"When she walked in the door, it was a miracle," exclaims Eileen Morris, who runs the Rent Right program at the Committee on the Shelterless (COTS). The person she's referring to is Marie Fletcher, a soft-spoken but determined volunteer who forged a long-term association with COTS, becoming a mentor for the Rent Right program and helping the residents of the COTS facility.
"When you come from a 'care-giving' profession, you seek out ways to extend that giving," says Marie Fletcher, a mother of four, who was a nurse anesthesiologist in Nebraska, then Texas and finally at Kaiser Hospital in Marin, as well as the president of her professional organization.
While many people would agree with that sentiment in theory, acting upon it is another matter. But through her church, St. Vincent de Paul, Fletcher found a like-minded-soul in 2009, Ed Lampe.
The two became a dynamic volunteering duo whose efforts earned them the title Volunteers of the Year for 2013. Lampe received the honor posthumously, as he died unexpectedly in December.
"We both had a desire to help people and give what we could to make their lives better," recalls Fletcher, who has been locally involved in charitable efforts since the '90s.
As her good friend Claire Pass relates, "In the 1990s Marie and her late husband Dave Fletcher moved to Petaluma to be near their children (six in total between them). They started coordinating the sheltering of the homeless in what was then the vacant convent at St. Vincent's. They cooked for the families and spent the night with them—many times assisting with medical emergency needs."
The Fletchers stepped up their volunteering after they retired in 2003. When Dave Fletcher passed away, Marie continued the efforts they had begun.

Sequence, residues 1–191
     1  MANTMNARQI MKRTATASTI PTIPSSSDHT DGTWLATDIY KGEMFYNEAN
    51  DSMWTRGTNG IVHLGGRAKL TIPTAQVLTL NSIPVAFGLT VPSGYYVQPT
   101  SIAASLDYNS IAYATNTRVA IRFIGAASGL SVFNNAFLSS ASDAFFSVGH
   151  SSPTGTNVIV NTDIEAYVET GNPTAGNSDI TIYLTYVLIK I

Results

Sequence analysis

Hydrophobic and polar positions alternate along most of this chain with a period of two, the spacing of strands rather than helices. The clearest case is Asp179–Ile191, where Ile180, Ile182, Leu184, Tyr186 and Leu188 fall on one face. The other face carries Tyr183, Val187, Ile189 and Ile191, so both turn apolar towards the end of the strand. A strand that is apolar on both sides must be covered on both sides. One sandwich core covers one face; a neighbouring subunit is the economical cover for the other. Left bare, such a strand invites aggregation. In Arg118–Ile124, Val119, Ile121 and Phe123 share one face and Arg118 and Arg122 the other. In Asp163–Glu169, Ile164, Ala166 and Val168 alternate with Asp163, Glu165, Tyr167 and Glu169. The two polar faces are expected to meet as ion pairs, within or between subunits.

"She went from delivering food to the Rent Right classes to becoming a teacher in the program," says Morris. "She still spends hours preparing a nutritious meal, serving it to the 40 to 50 students, and encouraging them with a smile or a kind word, then teaching a six-to-seven person group, and all the while keeping their spirits up. It's at least a 12-hour day for her."
After meeting at St. Vincent's, Fletcher and Lampe discovered that they could combine their interests in charitable giving, cooking and mentoring through the programs at COTS .
They applied their shared love of cooking to enhance food programs at the center. Lampe had always cooked for groups of friends and Fletcher grew up on a ranch where she learned to cook for the hired hands.
Fletcher introduced Lampe to the kitchen at the facility, which led to his first "Iron Chef" experience.
"He had a great time running the kitchen," says Fletcher. "From then on we traded off cooking for the residents and staff at the facility." She recalls that, "Ed got called on Christmas Eve to run the kitchen. He willingly went in to cook a meal for the residents. My kids were here, and my son, who was a chef, said 'I'm going to give him a hand.' And he went over and helped with the meal."
The kitchen serves more than 124,000 meals a year and delivers 750,000-plus pounds of food annually.
Lampe realized his business background could prove useful to the Rent Right program, which mentors families in search of permanent housing.
Shelters for Pawnee fire evacuees
Lower Lake High School, 9430 Lake St., Lower Lake, is the official shelter established for people evacuating from the Pawnee fire. It is equipped to handle animals.
The Clearlake Oaks Moose Lodge, 15900 E. Highway 20, Clearlake Oaks, is not authorized by the Office of Emergency Services but is also sheltering fire evacuees, mostly people in campers and RVs who want their animals with them.
There is an authorized Lake County animal services station in an open field at Highway 53 and Anderson Ridge Road in Lower Lake.